Joseph Smith, Jr.

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Joseph Smith, Jr. (December 23, 1804, Sharon, Vermont - June 27, 1844, Carthage, Illinois) was the translator of the Book of Mormon and founder of the Church of Jesus Christ of Latter-day Saints. He was also the first U.S. Presidential candidate to be assassinated during a campaign (1844).

Joseph Smith is an enigmatic character in American history. He was heralded by members of the LDS Church as the man chosen by God to be his "Prophet, Seer and Revelator" in the "latter days", and to restore Christ's church to a world that had fallen away in Apostacy. The leader of a bold new religious experience, but scorned by fellow citizens as a charlatan and imposter, he continues to evoke strong emotions to this day.

One branch of the religious movement he founded claimed 10 million adherents in the year 2001. By any measure, his life was truly remarkable. He was born into a life of rural farming in Sharon, Vermont and lived there the first several years of his life. His family sought more fertile ground in the Palmyra region of New York state. It was there that Joseph began to announce his visionary experiences, leading to the coming forth of the Book of Mormon and the founding of the restored Church of Christ. For the next twenty years of his life, until he was killed in a shootout with vigilantes while imprisoned at an Illinois jailhouse, he was a figure of adoration, scorn, and controversy.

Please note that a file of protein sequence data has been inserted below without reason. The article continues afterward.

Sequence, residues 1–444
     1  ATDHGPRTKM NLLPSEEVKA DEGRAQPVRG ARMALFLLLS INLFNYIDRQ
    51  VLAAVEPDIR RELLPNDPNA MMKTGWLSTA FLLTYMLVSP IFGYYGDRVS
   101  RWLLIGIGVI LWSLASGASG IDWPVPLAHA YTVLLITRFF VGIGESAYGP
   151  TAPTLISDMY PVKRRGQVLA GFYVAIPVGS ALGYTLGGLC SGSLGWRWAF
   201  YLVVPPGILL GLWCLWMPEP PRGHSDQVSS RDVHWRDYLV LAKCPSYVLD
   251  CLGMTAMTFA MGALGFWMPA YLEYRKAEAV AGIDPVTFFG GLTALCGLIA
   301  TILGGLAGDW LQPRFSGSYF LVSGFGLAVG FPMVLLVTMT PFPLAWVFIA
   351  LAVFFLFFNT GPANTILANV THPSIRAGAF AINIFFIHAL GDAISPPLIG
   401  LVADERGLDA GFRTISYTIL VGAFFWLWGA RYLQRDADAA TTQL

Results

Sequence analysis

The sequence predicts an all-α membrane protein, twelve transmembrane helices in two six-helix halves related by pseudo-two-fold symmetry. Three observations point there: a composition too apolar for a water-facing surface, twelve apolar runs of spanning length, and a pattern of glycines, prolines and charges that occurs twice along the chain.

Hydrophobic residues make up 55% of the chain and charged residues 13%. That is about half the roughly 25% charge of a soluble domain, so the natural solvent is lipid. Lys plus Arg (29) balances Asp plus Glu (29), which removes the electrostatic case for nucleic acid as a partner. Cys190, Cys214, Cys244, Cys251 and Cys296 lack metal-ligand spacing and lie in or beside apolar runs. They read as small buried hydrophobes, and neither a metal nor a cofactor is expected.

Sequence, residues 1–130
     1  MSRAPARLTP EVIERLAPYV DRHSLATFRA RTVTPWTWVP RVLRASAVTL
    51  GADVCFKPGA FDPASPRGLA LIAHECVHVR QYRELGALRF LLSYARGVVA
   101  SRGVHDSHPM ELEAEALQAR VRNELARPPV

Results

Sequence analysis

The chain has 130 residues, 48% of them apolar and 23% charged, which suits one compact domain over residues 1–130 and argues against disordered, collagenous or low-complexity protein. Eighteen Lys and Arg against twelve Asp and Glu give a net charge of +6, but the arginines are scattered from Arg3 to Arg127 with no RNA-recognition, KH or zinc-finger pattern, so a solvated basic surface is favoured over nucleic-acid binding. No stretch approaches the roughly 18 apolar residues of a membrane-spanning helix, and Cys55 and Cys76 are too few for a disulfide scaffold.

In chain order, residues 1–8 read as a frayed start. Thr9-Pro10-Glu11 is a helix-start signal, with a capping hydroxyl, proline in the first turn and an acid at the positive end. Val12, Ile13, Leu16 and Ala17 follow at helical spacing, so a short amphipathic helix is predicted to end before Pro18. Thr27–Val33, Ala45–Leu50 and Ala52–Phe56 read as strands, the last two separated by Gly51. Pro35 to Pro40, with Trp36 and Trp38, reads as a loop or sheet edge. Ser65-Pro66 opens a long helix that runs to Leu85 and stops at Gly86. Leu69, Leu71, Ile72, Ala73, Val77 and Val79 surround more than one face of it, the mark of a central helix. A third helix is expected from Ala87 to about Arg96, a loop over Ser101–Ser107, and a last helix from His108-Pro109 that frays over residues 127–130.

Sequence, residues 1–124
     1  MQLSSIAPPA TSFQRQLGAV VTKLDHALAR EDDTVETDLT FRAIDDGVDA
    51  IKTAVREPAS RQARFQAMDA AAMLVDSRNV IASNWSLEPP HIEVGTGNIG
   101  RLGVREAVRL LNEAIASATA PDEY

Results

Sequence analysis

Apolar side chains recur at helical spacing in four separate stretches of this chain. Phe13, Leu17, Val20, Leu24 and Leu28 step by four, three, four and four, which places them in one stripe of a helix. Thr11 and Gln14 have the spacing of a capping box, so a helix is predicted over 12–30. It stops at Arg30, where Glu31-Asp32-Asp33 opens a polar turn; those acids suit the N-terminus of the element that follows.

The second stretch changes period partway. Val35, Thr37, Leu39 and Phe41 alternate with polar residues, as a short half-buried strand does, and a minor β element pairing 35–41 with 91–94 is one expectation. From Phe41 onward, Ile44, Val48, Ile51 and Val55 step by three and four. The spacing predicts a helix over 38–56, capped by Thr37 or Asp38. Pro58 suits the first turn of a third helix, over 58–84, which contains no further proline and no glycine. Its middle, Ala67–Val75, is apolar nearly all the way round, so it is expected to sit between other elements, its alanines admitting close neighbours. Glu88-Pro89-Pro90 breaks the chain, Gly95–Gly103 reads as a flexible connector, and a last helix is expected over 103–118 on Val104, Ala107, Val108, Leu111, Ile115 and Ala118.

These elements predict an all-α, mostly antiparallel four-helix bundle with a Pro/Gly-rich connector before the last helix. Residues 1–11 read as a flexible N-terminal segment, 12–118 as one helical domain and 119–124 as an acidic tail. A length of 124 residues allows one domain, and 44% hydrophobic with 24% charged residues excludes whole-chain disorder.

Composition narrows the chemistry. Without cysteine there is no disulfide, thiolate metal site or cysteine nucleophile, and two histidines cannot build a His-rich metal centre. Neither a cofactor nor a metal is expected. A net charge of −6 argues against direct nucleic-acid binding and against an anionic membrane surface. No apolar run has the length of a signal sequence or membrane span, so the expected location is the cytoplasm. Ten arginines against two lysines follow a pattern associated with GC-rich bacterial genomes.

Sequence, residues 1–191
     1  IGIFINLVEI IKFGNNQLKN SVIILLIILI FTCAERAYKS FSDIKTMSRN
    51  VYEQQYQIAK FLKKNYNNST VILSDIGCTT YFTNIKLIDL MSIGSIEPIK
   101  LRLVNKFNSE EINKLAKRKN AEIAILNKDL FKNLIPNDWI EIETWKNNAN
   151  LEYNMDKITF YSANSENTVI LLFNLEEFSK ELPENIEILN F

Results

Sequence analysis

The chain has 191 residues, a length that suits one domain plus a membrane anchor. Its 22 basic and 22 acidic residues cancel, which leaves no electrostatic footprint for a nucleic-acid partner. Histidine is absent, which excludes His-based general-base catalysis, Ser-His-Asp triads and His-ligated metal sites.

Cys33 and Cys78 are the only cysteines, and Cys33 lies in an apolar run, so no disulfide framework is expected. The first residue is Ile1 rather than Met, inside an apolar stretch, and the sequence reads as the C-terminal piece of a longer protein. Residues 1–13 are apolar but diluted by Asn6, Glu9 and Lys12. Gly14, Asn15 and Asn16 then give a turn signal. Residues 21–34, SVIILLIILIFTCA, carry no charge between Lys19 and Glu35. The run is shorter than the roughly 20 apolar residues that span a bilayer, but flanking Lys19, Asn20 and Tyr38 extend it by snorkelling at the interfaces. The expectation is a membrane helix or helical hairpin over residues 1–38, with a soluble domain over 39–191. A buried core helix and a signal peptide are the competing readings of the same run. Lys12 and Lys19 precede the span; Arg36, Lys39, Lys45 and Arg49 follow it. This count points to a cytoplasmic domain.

After his death, Smith's successors led the Church of Jesus Christ of Latter-day Saints to refuge in Utah, and from there to world-wide significance as an enduring, newly founded religion in the 20th century.

Below, we will review Smith's early years. His initial revelatory experiences. The initial controversies regarding the presentation of the Book of Mormon.

Later topics will include his first marriage to his wife Emma Hale. His ability to lead and inspire. Fateful decisions that lead to his death, including the institution of the most controversial of early Mormon practices, polygamy.

Post-hoc analysis on Smith abounds. Twentieth century interpreters such as Fawn Brodie will be highlighted.